For me, Luc Besson’s 1997 sci-fi marvel The Fith Element was always Star Wars for the intellectuals. I was never a fan of the George Lucas future pantomimes, so it was a welcome change to have someone like Luc Besson come in and rip up the rule book. Besson always had the courage to take the future into places Hollywood was too afraid to explore: love, consciousness, utopia and cutting edge CGI. Most people would assume that Valerian and a Thousand Cities, based on the best selling graphic novel, is the follow-up. Besson would deny this, but all the elements are there – models cast far into future space?
In all honesty, I feel most people have come to expect just too much of such a genius. It’s hard to live up to the lofty expectations of the movies that the French director has created – Léon, The Fifth Element, Lucy, The Big Blue… these are arguably some of the greatest films of all time. They are otherworldly, bizarre at times, hedonistic and intelligent. But in the last few decades, something seems to have happened to Besson’s storytelling powers. Maybe he has become a victim of Hollywood’s demands and excess, or maybe he has started to believe his own hype and adulation.
This seems to be the formula of his latest colourful, circus style film Valerian and a Thousand Cities. A film which pulls together an Instagram audience alone of almost 100 million followers. It’s as if the casting agent said, “let’s just get the world’s most beautiful and important influencers (Cara Delevigne and Rihanna), without any acting experience, and just throw them in the deep end. Oh and then let’s throw in a world famous jazz impresario (Herbie Hancock) and South Korean super star Kris Wu from boy band EXO for good measure.” Strange? Well, Besson loves the abnormal and this certainly doesn’t stop him from making a good movie, but this time it feels a little forced. The script seems so stale and the acting by DeHaan and Delevigne, perhaps through no fault of their own, seems disingenuous and cold. The film centres around the celestial inhabitants of Mül, whose planet has been destroyed by the wicked humans. It’s up to Cara Delevigne and Dane DeHaan to run, jump, kick and hide their way through the universe and help ultimately *spoiler alert* upend the evil plans of general Clive Owen, along the way meeting a host of incredibly bizarre looking space creatures.Ultimately all films made by Luc Besson seems to have a deep fascination and continued exploration of consciousness, the future of space and pushing the boundaries of creativity and technology and a sense of universal virtue, this film is no different, the thinking man’s sci fi, but he side steps the usual Besson oeuvre to mainly focus on nifty tricks mainly incredible CGI scenes and hefty post production values.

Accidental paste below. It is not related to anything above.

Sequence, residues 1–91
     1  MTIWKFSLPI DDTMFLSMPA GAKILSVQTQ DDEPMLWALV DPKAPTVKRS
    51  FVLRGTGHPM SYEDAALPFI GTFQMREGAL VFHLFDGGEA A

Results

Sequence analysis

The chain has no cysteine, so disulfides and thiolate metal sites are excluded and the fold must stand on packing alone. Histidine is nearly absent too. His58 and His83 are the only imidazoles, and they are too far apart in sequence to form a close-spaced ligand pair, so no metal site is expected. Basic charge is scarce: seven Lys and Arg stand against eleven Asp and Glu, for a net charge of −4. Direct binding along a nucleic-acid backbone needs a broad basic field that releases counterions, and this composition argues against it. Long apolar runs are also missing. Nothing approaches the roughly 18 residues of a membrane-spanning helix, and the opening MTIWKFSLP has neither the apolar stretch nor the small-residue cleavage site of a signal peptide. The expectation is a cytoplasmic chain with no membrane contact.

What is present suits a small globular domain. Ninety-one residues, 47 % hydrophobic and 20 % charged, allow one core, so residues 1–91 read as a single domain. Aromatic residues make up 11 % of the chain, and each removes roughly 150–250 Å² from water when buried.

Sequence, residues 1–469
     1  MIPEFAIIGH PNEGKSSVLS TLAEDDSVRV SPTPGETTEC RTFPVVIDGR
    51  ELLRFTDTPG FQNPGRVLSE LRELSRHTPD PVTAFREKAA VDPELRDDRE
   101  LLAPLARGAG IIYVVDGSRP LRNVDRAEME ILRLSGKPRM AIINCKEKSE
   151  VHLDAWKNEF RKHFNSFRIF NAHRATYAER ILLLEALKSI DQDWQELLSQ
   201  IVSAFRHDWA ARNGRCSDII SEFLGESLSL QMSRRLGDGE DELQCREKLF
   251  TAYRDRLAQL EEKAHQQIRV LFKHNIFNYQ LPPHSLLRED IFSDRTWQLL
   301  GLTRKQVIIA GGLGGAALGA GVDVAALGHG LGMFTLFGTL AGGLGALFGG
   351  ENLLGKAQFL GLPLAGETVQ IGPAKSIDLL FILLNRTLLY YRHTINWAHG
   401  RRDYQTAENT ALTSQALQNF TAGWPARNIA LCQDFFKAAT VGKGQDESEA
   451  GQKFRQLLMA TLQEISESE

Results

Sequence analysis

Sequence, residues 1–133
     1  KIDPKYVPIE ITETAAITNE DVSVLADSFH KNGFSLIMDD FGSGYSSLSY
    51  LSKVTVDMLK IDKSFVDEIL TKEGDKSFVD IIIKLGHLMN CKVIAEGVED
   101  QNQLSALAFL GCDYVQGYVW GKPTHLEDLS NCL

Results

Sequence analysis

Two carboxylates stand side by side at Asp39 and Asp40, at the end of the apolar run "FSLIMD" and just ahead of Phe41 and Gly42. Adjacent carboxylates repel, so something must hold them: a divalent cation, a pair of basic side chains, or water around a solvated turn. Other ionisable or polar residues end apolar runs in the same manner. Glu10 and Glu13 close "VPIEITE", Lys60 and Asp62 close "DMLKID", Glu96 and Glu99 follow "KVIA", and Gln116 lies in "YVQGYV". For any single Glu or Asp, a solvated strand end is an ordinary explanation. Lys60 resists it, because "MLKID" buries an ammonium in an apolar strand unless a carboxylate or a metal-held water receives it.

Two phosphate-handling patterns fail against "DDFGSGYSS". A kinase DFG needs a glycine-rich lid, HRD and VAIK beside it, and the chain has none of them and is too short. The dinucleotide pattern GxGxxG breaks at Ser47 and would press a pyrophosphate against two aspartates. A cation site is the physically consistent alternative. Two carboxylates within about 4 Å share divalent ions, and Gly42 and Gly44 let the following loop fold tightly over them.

This is record breaking stuff, the largest budget for any French film in history at close to €200 million, with over 2000 visual effects shot. It’s not a travesty by any means – it’s bold and entertaining and at times insightful, but just doesn’t go far enough by Besson’s standard. There is always Lucy 2…
Valerian And A Thousand Cities opens in the UK on August 2nd.
Written by Ari Stein editor of 52 Insights